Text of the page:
First ran in Nov 7 Sunday editions of Louisiana Gannett Papers

He spent most of his 93 years dancing on a rainbow, a clever mix of personality, athletic ability, good nature, and old-fashioned luck. To have been caught up in the gravitational pull of this phenomenon we knew as Edgar James “E.J.” Lewis was quite the experience.

Because he was such a passionate person about his job, about his friends, about his family, and about football, if ever an “until-we-meet-again” service deserved to be infused with joy and gratitude and applause and laughter, it was E.J.’s back in August at Ruston’s St. Thomas Aquinas Catholic Church when his most colorful life was celebrated.

Momma told me always to remember that I’m unique, “just like everybody else.” But this guy may have retired the Unique Trophy. Good-looking young man. Married the wise and beautiful inside-and-out Patsy. Was a tremendous athlete. Coached three dozen all-conference players, 14 pros, six All-Americans, and was on the staff for a couple of national championships in the early 1970s at Louisiana Tech.

That puts him in a small sub-set.

But there’s more.

He could play the piano just enough to be dangerous and talk just enough Cajun trash to win over any recruit’s momma. He sired a pair of everyone-likes-them sons (although Patsy deserves and gets most of the credit, I’ll give you that; but still, my guy was in the neighborhood.) He had no enemies and hundreds of friends. He could sell three tons of ice to an Eskimo man, and he lived 93 mostly robust years.

Quite a fascinating resume when you think about it.

His road to Ruston from his Sulphur hometown took him through the Air Force and some other coaching spots until he landed at Tech in 1959. He went into banking after coaching and hadn’t coached a game in 40 years — yet everyone, even Mrs. Patsy, called him “Coach,” a term of identity and respect, but mostly a term of endearment.


Coach was, in today’s language, essential personnel. A spotlight grabber. He enjoyed it, was unafraid of it, reveled in it. I’m not sure any of us enjoy being who we are as much as E.J. Lewis enjoyed being E.J. Lewis.

A few years ago I walked into the waiting room for my annual physical and there was Coach. I asked him what was wrong. Nothing, he said. He was there to show some video and pictures of his most recent turkey hunt to our doctor and mutual friend, a fellow turkey nut. I asked him if he had an appointment and of course he did not so when the nice nurse called my name, he just came with me.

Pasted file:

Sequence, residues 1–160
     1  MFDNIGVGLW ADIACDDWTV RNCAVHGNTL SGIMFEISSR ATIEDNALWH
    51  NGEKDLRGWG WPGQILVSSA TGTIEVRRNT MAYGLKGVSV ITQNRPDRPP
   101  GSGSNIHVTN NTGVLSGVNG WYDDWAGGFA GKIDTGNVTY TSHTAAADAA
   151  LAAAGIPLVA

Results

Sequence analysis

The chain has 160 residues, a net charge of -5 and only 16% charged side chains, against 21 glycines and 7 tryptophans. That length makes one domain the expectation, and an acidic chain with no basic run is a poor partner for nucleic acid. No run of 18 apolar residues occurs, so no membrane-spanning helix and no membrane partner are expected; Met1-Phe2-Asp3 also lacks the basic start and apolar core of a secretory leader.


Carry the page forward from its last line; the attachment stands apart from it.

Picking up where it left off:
The doctor walks in. “Coach!” he said. And then they looked at the iPad video and some still shots and literally talked turkey. I could have been bleeding, screaming with typhoid, in labor … would not have mattered.

This is a dude that took over the room when he was in the hizzy.

It became a family joke that when one of the grandkids or great-grands would pick on him, Coach would say, “You’re gonna miss me when I’m gone.” So when anyone would pick on anyone else in the family, the pickee would say, “You’re gonna miss me when I’m gone.”

I was honored to say a few words at Coach’s service that rainy but glorious day in August, and told that story. (For two hours before the service, many of his friends and ballplayers — adopted sons — visited and told story after story about the man they’ve forever called Coach.) In the sanctuary, I said that we’d miss him, just as he’d said, but that knowing Coach the way we did, he’d never be gone, not really; he just wouldn’t allow it.

And at that exact moment, right after the words left my lips, the thunder rolled above the church, loud and undeniable, like an exclamation point from Coach, and the sanctuary exploded with applause and laughter.

That’s so Coach Lewis.

It’s the first time in 93 seasons that we’ve had football without Coach. But like other old souls who have been dear to you, if you knew him, he’s around. When you hear someone telling a Boudreaux and Thibodeaux joke or hear a riff on a ragtime piano or see a spit cup, or on a fall Saturday afternoon or night when you smell the stadium grass and the sweat and you see all those colors and hear the band and the crowd and feel the joy and the tension, that’s Coach in your ear, whispering, as he did to so many so often, “Love you boy.”

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